• Always interpret your results in the context of what is in the model

17.2.5 Confounding & Randomized Experiments

Why are randomized experiments so popular?

  • General approach:
    • Randomly assign experimental units (rats, trees, people, etc.) to a treatment condition (food, fertilizer, drug, etc.)
    • Compare the difference in outcome between the treatment groups
  • By randomly assigning the treatment conditions, there is no relationship between the treatment condition and any other variables \(\Rightarrow\) No Confounding

17.3 Confirmatory v. Exploratory

17.3.1 Association Study Goals

In studies of association, the goal is to estimate the potential relationship between a predictor and an outcome

  • Inference about a quantity (usually \(\beta\)) that summarizes the relationship between predictor and outcome is target, as opposed to accuracy in predicting \(y\)
  • Want to limit bias from confounding
  • Want high power for detecting an association, if it exists
  • Study may be confirmatory or exploratory

17.3.2 Confirmatory Analyses

A confirmatory analysis attempts to answer the scientific question the study was designed to address

  • The analysis is hypothesis testing
  • Interpretation can be strong
  • Analysis must follow a detailed protocol designed before data were collected to protect the interpretation of the \(p\)-value.
    • Ex: The statistical analysis plan for all U.S. clinical trials must be published before recruitment begins.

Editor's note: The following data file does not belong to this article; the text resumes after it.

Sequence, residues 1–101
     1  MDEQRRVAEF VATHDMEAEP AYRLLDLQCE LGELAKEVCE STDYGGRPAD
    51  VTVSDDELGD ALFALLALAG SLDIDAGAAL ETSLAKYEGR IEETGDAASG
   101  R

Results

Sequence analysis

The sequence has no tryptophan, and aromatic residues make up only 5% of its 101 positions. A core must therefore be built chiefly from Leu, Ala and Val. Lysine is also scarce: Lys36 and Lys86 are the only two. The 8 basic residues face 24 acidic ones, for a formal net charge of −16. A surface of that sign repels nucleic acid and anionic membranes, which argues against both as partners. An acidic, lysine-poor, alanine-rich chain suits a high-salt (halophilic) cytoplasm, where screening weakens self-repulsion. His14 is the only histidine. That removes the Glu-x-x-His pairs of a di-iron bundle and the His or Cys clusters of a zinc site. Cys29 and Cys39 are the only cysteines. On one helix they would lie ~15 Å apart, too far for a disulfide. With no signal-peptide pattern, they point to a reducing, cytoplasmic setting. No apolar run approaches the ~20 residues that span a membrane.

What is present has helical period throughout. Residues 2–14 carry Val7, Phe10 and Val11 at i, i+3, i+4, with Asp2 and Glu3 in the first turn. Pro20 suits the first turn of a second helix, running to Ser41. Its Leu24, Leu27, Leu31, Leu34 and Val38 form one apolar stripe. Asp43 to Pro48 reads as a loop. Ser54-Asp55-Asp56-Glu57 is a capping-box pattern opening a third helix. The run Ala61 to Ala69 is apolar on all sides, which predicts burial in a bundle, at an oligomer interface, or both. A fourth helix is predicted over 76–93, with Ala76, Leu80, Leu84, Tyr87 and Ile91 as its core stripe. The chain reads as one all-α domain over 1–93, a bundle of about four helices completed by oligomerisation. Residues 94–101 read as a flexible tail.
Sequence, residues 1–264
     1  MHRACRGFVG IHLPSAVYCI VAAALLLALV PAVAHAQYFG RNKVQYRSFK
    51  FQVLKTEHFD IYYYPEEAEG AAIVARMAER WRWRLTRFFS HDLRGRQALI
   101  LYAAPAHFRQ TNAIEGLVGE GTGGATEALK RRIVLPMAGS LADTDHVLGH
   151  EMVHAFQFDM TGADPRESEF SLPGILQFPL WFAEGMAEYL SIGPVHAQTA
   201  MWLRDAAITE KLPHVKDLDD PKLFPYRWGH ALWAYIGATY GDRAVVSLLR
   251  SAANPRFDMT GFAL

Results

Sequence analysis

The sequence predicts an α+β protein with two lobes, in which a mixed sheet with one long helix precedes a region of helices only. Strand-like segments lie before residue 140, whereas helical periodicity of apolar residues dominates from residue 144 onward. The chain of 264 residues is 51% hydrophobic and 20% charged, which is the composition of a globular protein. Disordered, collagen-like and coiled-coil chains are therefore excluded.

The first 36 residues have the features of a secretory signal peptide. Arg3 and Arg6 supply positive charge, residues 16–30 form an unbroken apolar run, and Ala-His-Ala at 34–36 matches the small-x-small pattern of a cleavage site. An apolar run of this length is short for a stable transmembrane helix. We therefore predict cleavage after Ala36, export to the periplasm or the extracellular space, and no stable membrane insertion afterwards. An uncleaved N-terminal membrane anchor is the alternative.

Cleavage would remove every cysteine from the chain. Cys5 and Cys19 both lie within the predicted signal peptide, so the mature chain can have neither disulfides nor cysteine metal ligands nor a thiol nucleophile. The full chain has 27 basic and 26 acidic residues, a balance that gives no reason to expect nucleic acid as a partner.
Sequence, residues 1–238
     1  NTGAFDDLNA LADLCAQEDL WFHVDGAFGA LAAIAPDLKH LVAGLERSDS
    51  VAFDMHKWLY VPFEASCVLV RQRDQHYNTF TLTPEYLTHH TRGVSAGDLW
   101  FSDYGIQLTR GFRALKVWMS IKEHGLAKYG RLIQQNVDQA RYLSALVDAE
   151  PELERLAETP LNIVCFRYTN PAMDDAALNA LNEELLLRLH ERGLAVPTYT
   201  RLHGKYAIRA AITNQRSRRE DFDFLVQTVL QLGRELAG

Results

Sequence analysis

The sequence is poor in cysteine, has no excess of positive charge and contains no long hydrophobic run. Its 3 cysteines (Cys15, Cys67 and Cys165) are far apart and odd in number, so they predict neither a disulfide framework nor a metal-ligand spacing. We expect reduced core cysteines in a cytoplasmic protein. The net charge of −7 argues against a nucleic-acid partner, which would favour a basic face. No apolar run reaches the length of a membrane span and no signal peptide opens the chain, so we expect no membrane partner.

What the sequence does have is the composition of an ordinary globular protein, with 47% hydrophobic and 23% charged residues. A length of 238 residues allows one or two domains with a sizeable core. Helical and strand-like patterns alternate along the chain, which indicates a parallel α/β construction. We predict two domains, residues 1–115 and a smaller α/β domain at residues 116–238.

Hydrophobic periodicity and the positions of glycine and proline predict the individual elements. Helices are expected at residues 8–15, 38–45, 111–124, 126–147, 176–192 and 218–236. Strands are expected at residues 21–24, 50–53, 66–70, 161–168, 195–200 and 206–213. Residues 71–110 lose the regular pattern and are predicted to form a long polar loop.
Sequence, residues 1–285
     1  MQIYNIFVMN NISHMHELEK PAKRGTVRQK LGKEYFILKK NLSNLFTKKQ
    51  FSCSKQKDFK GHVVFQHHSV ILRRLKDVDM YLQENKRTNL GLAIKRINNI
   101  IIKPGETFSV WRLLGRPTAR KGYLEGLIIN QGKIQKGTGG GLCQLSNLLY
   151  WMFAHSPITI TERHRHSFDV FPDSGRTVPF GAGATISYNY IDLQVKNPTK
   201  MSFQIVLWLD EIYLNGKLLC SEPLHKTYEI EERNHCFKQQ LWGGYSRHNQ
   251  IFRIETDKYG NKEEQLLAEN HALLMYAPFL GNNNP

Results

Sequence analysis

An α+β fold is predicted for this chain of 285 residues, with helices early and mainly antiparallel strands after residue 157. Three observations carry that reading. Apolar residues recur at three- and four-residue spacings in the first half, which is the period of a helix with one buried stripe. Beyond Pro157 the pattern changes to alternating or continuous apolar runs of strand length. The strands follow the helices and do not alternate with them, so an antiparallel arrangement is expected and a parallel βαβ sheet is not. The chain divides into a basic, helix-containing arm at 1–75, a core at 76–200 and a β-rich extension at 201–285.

• Variables included in the model and tests performed cannot depend on features of the data that were collected
    • Cannot change your model based on what you see in the data you collect
    • Protects against overfitting and preserves Type I error rate
  • Failure to be strict about the analysis plan is a major factor in the large number of contradictory published results

17.3.3 Exploratory Analyses

An exploratory analysis uses already collected data to explore additional relationships between the outcome and other measured factors

  • The analysis is hypothesis generating
  • Interpretations should be cautious
  • The general analysis plan should be established first, but
    • The form of variables in the model (e.g. splines, cut points for categories) may depend on what is found in the data
    • The variables chosen for the model and the presence of interactions may depend on what is found in the data
  • Exploratory analyses can be basis for future studies, but do not provide definitive evidence

17.3.4 Model Selection Process – Confirmatory Analysis

For a confirmatory analysis:

  1. State the question of interest and hypothesis